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Jan. 23rd, 2005 | 05:58 pm
posted by: mendaciloquent in casual_order

Hi. I’m new to the group. If you want to know more about who I am and why I’m here, ...

My religious background is not unordinary. I was raised Catholic but left the church at the age of 11 or 12. I did not have strong religious beliefs before that time and I don’t think I ever did believe in God, at least not in any remotely adult sense. I did take a great interest in science, however, and though this interest did not conflict with my religious upbringing at first, I found many of the ideas I had been taught (or had simply assumed) becoming obsolete in light of the products of science and rationality. As a teenager I was an adamant atheist, enjoyed engaging religious people in debates, and came to hold very strong Marxist political views.

As I began to study philosophy in college, most of my hard-line views toward religion faded. It should first be mentioned that most philosophy departments in the United States and Britain are dominated more or less by a sophisticated version of the materialistic, rational thinking I had found so appealing as a teenager, and ideologically-speaking, I was quite at home there. At least at first. As I continued my work, I became increasingly aware of the limitations of this way of understanding reality. Rational materialism seemed fairly good at offering plausible theories about concrete scientific questions, e.g., “why is the sky blue?”, “where did people come from?”, but when it came to understanding and explaining things like “what is right?” or “what is beauty?”, as well as accounting for the nature of human thought and experience, I came to find this approach stifling and its proponents to be rather dogmatic.

This kind of rational materialist approach to the question of “what does it mean to be human?”, for example, might try to answer it by exploring our evolutionary past or by examining the human genome. But assuming that we could know everything about these things, would it really give us a satisfactory answer to that question? I don’t think it would, or could.

All of this came to give me a new appreciation for, although not a genuine belief in, religion and spirituality as an important part of human experience. I now find the typical philosophical approach to religion to be wholly inadequate. Most philosophers, when they evaluate religion, evaluate it as if it were a rational philosophical system itself. But to treat religion as a purely intellectual system, much less a rational one, is to miss (at least I think) the entire point of religion itself. Religion is not simply a belief system, but a network of symbols, practices, activities and experiences which tie into and give meaning to the whole of human existence, or at least a much greater part of it than isolated intellectual activity does. It includes a broad range of activities, emotions, experiences and social relationships which go beyond what other explanatory systems (say, physics) do. Comparing physics to religion as “belief systems” is comparing apples and oranges.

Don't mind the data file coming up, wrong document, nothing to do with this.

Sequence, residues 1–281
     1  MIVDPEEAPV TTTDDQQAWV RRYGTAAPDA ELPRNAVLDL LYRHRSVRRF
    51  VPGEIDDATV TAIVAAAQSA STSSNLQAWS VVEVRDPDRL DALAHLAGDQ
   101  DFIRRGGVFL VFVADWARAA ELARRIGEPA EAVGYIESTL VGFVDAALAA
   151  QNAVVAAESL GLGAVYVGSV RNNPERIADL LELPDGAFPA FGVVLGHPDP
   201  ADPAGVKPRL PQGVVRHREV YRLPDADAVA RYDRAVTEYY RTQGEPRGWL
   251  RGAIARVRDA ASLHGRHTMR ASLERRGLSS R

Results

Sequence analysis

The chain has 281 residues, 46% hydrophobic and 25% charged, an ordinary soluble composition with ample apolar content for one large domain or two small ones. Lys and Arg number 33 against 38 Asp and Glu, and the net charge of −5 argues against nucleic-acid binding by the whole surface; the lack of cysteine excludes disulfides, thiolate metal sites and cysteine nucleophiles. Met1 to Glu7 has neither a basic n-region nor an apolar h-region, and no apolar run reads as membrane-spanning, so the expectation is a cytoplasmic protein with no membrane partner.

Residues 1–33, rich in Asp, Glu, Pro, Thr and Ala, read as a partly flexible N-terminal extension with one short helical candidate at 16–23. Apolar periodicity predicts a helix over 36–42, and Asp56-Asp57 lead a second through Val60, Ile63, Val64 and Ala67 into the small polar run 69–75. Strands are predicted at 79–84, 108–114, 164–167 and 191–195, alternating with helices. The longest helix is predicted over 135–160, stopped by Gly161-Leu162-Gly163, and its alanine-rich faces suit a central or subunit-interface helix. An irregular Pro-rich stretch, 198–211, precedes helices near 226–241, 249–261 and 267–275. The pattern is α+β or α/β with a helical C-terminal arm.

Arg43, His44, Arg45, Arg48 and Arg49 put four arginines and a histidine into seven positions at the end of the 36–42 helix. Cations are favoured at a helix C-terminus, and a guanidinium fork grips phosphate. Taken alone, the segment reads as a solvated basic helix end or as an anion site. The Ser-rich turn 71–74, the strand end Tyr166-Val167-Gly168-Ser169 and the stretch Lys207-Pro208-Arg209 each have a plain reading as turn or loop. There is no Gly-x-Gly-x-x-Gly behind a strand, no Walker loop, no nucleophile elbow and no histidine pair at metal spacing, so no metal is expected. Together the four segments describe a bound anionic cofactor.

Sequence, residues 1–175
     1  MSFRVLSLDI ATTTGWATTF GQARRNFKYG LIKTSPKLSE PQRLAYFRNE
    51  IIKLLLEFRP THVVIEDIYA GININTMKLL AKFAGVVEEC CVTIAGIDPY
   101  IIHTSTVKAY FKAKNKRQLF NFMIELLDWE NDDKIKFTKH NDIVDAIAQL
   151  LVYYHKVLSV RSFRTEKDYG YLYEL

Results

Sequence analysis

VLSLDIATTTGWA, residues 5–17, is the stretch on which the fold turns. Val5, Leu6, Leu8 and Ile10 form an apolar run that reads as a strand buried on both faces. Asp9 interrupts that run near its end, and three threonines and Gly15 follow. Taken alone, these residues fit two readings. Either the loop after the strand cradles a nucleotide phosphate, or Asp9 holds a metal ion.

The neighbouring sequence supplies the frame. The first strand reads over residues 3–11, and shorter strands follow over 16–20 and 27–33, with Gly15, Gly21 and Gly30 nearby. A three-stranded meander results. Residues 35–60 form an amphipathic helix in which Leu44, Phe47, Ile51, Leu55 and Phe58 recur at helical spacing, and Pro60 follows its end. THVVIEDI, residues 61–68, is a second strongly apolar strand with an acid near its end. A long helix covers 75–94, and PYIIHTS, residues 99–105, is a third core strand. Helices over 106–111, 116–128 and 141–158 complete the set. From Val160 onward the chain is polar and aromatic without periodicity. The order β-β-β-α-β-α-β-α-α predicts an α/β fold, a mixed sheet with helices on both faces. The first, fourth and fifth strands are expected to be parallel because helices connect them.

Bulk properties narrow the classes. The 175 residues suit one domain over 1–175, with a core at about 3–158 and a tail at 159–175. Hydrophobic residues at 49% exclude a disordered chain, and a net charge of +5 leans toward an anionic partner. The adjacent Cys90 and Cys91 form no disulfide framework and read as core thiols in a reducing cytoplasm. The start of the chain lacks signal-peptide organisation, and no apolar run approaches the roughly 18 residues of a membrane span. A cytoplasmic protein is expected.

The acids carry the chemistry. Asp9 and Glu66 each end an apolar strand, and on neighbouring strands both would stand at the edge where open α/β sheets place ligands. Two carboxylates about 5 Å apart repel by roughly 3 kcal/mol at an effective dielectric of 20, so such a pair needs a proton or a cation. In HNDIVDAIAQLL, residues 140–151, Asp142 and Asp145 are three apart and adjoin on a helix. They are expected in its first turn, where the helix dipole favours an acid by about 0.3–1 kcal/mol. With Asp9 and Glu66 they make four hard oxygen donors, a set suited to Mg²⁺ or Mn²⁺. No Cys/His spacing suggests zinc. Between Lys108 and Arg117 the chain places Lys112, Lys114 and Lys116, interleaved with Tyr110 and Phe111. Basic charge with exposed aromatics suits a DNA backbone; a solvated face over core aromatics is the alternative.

Unfortunately it’s not just philosophers or secularists who make this blunder. Religious people do it too and often embarrass themselves badly in the process. Those trying to “defend” religion from evolution or genetics or modern cosmology are in the process ignoring those very strengths which set religion apart from the sciences, but they also sweep aside the legitimate wonders of science at the same time, leaving only a void of ignorance. The loudest voices in religious life, at least to my ears, are the ones who seem to care the least about what religion really has to offer.

I would like to know what those strengths really are. At the same time, I’m not interested in becoming religious, but at the same time I recognize that the products of secular Western thinking are unable to speak to the full range of human experiences and potentials. Atheists (and others) hold as a truism this odd notion that religion is a way of “explaining things”, and that once science came along, it was no longer necessary, because it could explain things better. This I think is complete misreading of the history of religion. Religions aren’t ways of explaining life. Religions are ways of living life, and I think that is an art which has been left by the wayside of modern culture. Modernity has forgotten what it means to live a “good life”, or to be more accurate, it has forgotten what it means to ask what a “good life” is.

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from: amequo
date: May. 23rd, 2005 03:56 pm (UTC)

Hello and welcome. I apologize for not replying earlier, in fact, I'm pretty embarrassed about it.
You brought up some very interesting points, particularly in your last paragraph. I'd like to hear more of your thoughts on how modernity can remember what it means to ask what a "good life" is.

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